Recent headlines regarding workplace violence, especially active-shooter incidents, are a sobering reminder of the randomness of violent acts and the fact that they can happen anywhere. But while raw statistics and painful images may garner a lot of well-deserved attention, it is short lived, with many in the corporate world confident in the idea that “it won’t happen here.” As security professionals, our job is to identify, evaluate and mitigate risk. Whether it is a veiled threat, an active shooter, or something in between, we know that no one is immune to violence in the workplace. So how do we leverage what appears, sadly, to be the new normal, and champion for a proactive mitigation strategy?
"Bridging the gap requires not only a commitment from your leadership, but a willingness to engage in candid and sometimes uncomfortable conversations with employees"
Perhaps the most striking takeaway from the raw statistics detailing violent workplace incidents is the importance of employee education and awareness. Fannie Mae, like many companies, has a workplace violence policy, and our Code of Conduct emphasizes our commitment to a workplace free of any acts or threats of violence, harassment, intimidation, or other threatening or disruptive behaviors. However, while a zero-tolerance policy is a great start it does not bridge the gap between well-intentioned policy makers and employees.
Bridging the gap requires not only a commitment from your leadership, but a willingness to engage in candid and sometimes uncomfortable conversations with employees. Yet that engagement must balance the benefit of raising awareness with the risk of creating an environment of counterproductive anxiety. The workplace is a microcosm – issues people may be having at home can find their way into the office. Though typically not violent manifestations, they can reveal themselves in problematic ways – perhaps an argumentative co-worker, an indirect threat, a thrown stapler or worse. Studies of workplace violence consistently reveal stages of escalation, which managers and co-workers tend to ignore or tolerate. The question becomes: Do your employers know how to report a concern and do they have confidence it will be addressed? This leads to the next question: Do you have a trained team in place equipped to handle these types of incidents? This is where taking a proactive approach is key to employee safety.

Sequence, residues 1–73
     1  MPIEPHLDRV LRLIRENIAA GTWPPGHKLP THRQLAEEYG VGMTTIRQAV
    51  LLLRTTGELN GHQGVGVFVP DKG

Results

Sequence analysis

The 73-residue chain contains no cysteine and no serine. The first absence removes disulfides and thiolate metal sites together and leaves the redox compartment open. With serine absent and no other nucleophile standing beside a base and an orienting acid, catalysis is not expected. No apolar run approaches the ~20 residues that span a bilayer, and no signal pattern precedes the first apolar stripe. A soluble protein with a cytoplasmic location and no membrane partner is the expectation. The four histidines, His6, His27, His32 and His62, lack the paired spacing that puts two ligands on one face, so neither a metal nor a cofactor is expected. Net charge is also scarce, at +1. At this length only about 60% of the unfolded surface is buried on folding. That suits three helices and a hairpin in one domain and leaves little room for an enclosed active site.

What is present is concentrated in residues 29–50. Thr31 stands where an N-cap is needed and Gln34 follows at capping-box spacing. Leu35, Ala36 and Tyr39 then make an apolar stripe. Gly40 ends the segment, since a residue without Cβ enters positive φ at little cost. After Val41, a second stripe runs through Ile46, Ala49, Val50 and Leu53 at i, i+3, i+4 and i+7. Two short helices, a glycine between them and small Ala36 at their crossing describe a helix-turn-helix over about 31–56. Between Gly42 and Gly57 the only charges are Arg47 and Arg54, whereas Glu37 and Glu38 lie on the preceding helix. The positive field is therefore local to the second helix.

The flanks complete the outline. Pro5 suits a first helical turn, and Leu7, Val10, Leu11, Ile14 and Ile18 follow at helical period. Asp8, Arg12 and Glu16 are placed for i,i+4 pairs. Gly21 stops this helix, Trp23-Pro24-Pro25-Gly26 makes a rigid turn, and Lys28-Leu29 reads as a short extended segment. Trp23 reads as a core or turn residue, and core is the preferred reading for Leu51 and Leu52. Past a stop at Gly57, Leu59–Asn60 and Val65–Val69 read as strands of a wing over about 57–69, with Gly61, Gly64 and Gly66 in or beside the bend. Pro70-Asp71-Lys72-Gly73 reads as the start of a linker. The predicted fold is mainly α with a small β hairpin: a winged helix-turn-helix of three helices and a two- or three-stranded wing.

At Fannie Mae, the security team engaged partners in HR, employment law and compliance to advance the goal of retaining a crisis consultant and formalizing a threat assessment team. This partnership was a force multiplier, providing visibility and support across the enterprise. Threat assessments, with real-time support from our consultant, are now addressed by a team with representation from each of these disciplines. We have also used this as a platform to educate our employees by way of internal blog postings, panel discussions, and site-specific safety and security training. From a value proposition angle, we have seen an increase in reporting of problematic behaviors. This is welcome news as it demonstrates employee awareness, confidence, and empowerment.
Workplace violence is an unfortunate reality and the results can be devastating. A critical component of safety in the workplace is employee awareness and engagement, coupled with a formal process to proactively address concerning behaviors. Encouraging a culture of transparency, honest dialogue, and security awareness is a mitigation strategy with inherent value. It promotes trust and fosters a safe and secure workplace. It also positions us to address issues before they escalate.